Holding Up Large Breasts - Bras, Corsets, and Coconuts on a String
Created | Updated Mar 26, 2009
Supporting the breasts of a well-endowed woman is a serious job, and not meant for the alluring but flimsy pieces of lace we see in the store windows. There are three main reasons large-breasted1 women look for support in their bras and other undergarments:
- Comfort - large breasts are usually heavy breasts, and it simply isn't comfortable for most women to have them bouncing free all day. A good bra or corset supports the breasts from below, minimising the stress on the shoulders and back.
- Prevention of Sagging - gravity does its job, and large breasts tend to sag more noticeably than smaller breasts. A good bra minimises sagging - there's a reason your mothers told you to wear a good sports bra when you went horseback riding!
- Appearance - sagging breasts are not generally seen as attractive in Western society. Women's clothes are designed for breasts that are carried only slightly below the armpits, and sagging breasts can make a woman appear heavier. A good bra helps match a woman's natural shape to the fit of her clothing.
Bras, Sports Bras, Unibras, and More Bras
In general, bras for large-breasted women tend to be far less attractive and sensual than those sold to our smaller-chested sisters. Some women have commented that bras for large-breasted women often look as if they were designed by the men that create tanks for the military, and this is not too far off the mark. And while the bras for smaller cup sizes may have only two or three rows of hooks in the back, larger cup sizes are often accompanied by as many as six, seven, or even eight rows of hooks to fasten! Other complaints about bras for large-breasted women often focus around the shape they create - most either push the breasts together into a single 'unibreast', or push the breasts out to the side at an odd and unnatural angle. The former is sometimes referred to as a 'unibra', and is the most common style for sports bras, while the latter can be reminiscent of the bras Madonna wore on stage in the early 1980s.
Many women report problems finding bras in large sizes that are not 'minimisers', bras designed to flatten the breasts as much as possible in order to reduce the appearance of size. While minimising bras can be the best option under certain types of clothing, such as business suits, they are in general far less attractive and comfortable than other bra styles. For the higher cup sizes (H and up), it can sometimes be easier to find nursing bras than regular bras - while the access flaps in nursing bras can be quite convenient for breastfeeding, they can feel a little out-of-place otherwise. The fact that bras in larger cup sizes are often more expensive only adds insult to these injuries.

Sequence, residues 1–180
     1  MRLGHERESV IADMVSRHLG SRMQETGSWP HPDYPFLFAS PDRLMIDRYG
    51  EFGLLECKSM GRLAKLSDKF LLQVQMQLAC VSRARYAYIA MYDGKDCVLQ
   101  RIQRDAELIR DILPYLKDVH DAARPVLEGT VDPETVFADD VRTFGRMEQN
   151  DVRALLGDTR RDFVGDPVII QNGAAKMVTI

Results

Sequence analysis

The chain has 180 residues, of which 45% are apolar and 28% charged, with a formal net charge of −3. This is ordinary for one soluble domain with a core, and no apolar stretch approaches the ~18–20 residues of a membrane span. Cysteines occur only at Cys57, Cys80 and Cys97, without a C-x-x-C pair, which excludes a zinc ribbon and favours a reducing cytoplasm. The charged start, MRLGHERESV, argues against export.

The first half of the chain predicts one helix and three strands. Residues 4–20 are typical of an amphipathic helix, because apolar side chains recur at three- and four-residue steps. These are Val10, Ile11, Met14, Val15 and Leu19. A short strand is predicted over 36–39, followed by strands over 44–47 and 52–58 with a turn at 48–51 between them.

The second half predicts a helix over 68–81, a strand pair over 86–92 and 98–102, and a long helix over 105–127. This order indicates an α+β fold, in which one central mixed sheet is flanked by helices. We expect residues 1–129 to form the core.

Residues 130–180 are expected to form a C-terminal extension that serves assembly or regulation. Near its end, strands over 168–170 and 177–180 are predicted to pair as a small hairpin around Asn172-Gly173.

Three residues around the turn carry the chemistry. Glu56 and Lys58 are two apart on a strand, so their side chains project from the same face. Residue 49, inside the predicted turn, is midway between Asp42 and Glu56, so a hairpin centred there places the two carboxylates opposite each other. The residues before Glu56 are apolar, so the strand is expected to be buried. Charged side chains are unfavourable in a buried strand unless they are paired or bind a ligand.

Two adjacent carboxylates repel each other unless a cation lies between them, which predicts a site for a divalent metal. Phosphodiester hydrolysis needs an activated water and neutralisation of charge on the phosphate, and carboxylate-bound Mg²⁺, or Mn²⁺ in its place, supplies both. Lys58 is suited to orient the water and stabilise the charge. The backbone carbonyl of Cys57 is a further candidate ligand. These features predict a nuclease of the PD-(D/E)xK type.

Whether or not a bra has an underwire is not nearly as important as the overall fit. A good thick band (4-5cm) can provide much more support than the typical thin band (1-2cm) that usually accompanies an underwire bra.
Accurately Fitting a Bra
Women with large breasts will often put considerable time and effort into finding a bra that fits - or at least comes reasonably close. There are two measurements involved in determining bra size - band size, which measures around the ribs just below the breasts, and cup size, which is derived from the difference between the band size measurement and the total chest circumference.
Band sizes most often come in even numbers (with 28-44 being a common range), while cup sizes are alphabetical - A, B, C, D, etc. There can be considerable differences in how cup sizes are marked between manufacturers, but a general rule of thumb is that an A cup represents a one inch difference between band and chest measurement, a B cup two inches, and so on. Also, for some companies, a DD cup is simply how they describe an E cup, and for others, a DD is actually midway between a D and an E cup. As many large retailers only carry cup sizes up to a certain level (often to DD or DDD), women with larger breasts often find ways to 'make do' with smaller cup sizes. In general, a woman can go up a band size for every cup size she has to go down due to limited availability - so a woman who measures to a 38G might be able to fit into a 40DDD/F or a 42DD/E.
Making Do with the Wrong Size
In reality, however, such switches come with their own price. Even if it's possible to put the bra on, problems with the fit will often become apparent with extended use over the course of a day. For example, wearing a band size larger than indicated from measurements can lead to 'leakage' of the breasts underneath the band. This can be incredibly uncomfortable, especially with an underwire bra. Another sign that the band size is too large is if it starts creeping up the back over the course of the day - the band should be at the same height in the front and the back, and should be able to stay there across the day.
On top of this, a band that is too loose means that the shoulder straps are serving as the primary support of the weight of the breasts; in a properly fitted bra, the band supports a good deal of the weight, easing the stress on the shoulders2. Likewise, wearing a cup size smaller than indicated can result in 'spillage' of the breasts over the cups - while not generally physically painful, this can be a rather unattractive sight, even when the woman is fully clothed. Significant 'spillage' of this sort can even make it look as if a woman has three or four breasts, instead of two!